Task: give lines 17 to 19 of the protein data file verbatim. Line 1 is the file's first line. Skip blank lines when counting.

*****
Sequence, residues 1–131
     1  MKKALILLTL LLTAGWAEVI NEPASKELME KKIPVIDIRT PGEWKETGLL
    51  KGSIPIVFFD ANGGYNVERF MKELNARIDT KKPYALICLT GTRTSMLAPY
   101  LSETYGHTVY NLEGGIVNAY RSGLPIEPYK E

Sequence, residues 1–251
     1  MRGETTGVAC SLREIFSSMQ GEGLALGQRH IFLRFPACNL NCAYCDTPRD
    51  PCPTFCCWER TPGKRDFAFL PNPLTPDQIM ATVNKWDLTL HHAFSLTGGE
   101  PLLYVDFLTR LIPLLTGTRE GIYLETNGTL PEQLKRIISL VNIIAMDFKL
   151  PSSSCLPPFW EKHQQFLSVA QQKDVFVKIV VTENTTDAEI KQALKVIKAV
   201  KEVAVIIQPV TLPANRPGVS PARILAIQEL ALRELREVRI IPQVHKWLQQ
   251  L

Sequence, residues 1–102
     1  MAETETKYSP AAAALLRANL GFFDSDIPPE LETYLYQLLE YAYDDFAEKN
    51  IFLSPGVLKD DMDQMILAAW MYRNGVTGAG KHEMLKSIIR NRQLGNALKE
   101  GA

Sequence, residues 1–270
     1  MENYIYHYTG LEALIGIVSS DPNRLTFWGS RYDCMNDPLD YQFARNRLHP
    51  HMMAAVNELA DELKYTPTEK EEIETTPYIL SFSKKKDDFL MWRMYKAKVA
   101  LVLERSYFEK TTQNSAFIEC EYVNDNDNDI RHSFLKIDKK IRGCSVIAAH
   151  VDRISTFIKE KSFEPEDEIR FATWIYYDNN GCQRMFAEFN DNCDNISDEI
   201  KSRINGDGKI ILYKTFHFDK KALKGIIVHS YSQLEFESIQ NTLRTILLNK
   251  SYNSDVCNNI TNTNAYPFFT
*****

     1  MENYIYHYTG LEALIGIVSS DPNRLTFWGS RYDCMNDPLD YQFARNRLHP
    51  HMMAAVNELA DELKYTPTEK EEIETTPYIL SFSKKKDDFL MWRMYKAKVA
   101  LVLERSYFEK TTQNSAFIEC EYVNDNDNDI RHSFLKIDKK IRGCSVIAAH